An unsettling oil spring
The spring of 2020 for the global oil and gas industry has become truly dramatic, on par with, perhaps, the energy crisis of 1973. However, if almost half a century ago, as a result of the crisis, the price of oil rose throughout the year from 3 to 12 dollars per barrel, then in March-April of this year, for the first time in history, it, on the contrary, fell to negative values.
Between Russia and Saudi Arabia
It all started on March 6, when the Ministers of the Organization of the Petroleum Exporting Countries (OPEC) member countries and other countries that joined the agreement on limiting oil production failed to agree on an extension of the agreement that had been in force for the past three years, called OPEC+. Its term expired on the last day of March, and theoretically, starting from April 1, any of the OPEC+ member countries received the right to produce and release as much oil as they wanted to the world market.
The stumbling block that prevented the arrangement of an extension of the agreement was the disagreement of two key players – Saudi Arabia and Russia – on the issue of additional production restrictions, which would prevent prices from falling against the background of the coronavirus pandemic.
The consequences of the coronavirus for the energy market are estimated by OPEC analysts as catastrophic. The forecast for oil demand growth in 2020 has been lowered by the organization from 1.1 mln barrels per day to 0.48 mln barrels, meaning that the growth rate of consumption will slow by more than half due to a drop in the number of air travel, tourist flows, and restrictions on the mobility of people.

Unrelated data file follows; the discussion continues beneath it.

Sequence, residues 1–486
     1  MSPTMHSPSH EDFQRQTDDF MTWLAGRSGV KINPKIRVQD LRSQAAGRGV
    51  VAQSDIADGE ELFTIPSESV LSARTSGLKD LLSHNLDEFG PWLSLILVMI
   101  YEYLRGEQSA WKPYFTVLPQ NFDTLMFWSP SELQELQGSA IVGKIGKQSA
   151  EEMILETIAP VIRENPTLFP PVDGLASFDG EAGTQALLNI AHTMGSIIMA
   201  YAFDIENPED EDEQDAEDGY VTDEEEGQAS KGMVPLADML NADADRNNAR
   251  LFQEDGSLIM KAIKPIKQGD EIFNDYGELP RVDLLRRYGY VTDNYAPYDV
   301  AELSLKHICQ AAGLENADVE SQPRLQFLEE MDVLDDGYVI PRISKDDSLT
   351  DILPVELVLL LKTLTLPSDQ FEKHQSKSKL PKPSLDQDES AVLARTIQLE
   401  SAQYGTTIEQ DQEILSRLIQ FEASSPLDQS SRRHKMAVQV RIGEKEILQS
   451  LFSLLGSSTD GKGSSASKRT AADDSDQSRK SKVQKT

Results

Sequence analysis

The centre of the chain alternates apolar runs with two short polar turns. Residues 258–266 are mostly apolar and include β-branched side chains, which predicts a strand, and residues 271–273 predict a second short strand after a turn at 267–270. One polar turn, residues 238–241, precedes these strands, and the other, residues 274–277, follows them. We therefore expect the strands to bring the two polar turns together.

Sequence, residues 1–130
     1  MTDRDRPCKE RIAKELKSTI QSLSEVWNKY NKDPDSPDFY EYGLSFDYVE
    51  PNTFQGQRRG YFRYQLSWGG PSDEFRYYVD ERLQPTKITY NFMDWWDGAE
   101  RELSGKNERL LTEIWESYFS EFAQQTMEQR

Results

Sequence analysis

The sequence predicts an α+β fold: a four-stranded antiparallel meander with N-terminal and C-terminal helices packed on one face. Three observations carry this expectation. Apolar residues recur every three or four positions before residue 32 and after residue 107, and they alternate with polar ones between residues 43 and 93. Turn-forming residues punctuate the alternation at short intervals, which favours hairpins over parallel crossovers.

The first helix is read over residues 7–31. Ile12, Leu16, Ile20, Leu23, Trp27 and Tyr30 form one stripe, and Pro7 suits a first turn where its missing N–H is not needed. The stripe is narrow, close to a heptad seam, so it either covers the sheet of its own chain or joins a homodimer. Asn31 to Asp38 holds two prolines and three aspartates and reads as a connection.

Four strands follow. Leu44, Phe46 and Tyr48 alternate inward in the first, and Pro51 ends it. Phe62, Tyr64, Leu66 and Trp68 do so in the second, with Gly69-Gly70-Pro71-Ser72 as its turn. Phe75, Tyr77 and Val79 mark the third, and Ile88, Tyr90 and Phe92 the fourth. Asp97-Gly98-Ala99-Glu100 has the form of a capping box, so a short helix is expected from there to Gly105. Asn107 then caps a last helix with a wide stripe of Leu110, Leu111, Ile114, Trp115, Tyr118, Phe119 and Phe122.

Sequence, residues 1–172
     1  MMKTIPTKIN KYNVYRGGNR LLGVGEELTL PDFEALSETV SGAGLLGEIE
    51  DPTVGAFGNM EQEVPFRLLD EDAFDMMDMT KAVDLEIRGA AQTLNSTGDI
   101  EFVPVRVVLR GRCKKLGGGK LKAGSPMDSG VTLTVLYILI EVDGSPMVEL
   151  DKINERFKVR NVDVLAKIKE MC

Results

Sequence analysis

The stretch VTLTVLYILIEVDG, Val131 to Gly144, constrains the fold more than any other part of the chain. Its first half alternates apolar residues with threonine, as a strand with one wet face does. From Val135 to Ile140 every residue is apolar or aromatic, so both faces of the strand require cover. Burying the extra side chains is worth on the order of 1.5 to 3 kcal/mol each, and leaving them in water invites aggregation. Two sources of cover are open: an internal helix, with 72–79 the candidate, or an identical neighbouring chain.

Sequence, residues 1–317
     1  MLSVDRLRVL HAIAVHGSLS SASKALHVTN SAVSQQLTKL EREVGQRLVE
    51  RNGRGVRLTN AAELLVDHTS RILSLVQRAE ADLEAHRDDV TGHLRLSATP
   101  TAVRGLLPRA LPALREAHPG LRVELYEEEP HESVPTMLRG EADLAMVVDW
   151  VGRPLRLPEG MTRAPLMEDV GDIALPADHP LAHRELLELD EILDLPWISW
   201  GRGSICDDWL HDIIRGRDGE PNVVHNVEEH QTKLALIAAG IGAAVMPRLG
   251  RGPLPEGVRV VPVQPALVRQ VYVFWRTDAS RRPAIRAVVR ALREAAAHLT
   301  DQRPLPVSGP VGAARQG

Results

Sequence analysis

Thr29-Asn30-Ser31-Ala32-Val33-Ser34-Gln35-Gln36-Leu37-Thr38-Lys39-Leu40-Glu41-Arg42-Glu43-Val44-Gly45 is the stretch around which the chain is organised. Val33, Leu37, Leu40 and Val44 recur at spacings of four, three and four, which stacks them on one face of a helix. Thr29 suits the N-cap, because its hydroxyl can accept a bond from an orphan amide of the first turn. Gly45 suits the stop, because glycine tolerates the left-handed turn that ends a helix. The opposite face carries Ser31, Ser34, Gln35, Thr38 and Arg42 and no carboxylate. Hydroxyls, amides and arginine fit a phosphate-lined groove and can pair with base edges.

According to the consulting company Wood Mackenzie, global oil demand in the first quarter of this year will fall by 2.7 mln barrels per day. "And this is the biggest drop since the 2008 crisis," – the company's analysts point out.
In this situation, Saudi Arabia proposed at a meeting of the Ministerial Committee to its OPEC+ allies to extend the current agreement until the end of 2020, while reducing production quotas by an additional 1.5 mln barrels of oil per day. Of this amount, cartel members are ready to produce one million barrels less, provided that countries that are not members of OPEC but have committed themselves to OPEC+, including Russia, Kazakhstan, and Azerbaijan, will reduce production by half a million barrels in total.
Russia plumped for renewal but adamantly opposed the reduction of quotas on oil production for itself. Russian Energy Minister Alexander Novak, voicing this position, left the meeting with members of his delegation, without waiting for its completion.
In fact, the breakup of the OPEC+ deal caused a collapse in world oil prices. Thus, the price of a barrel of Brent, which was $49.99 on March 5, fell to $26.35 by March 31.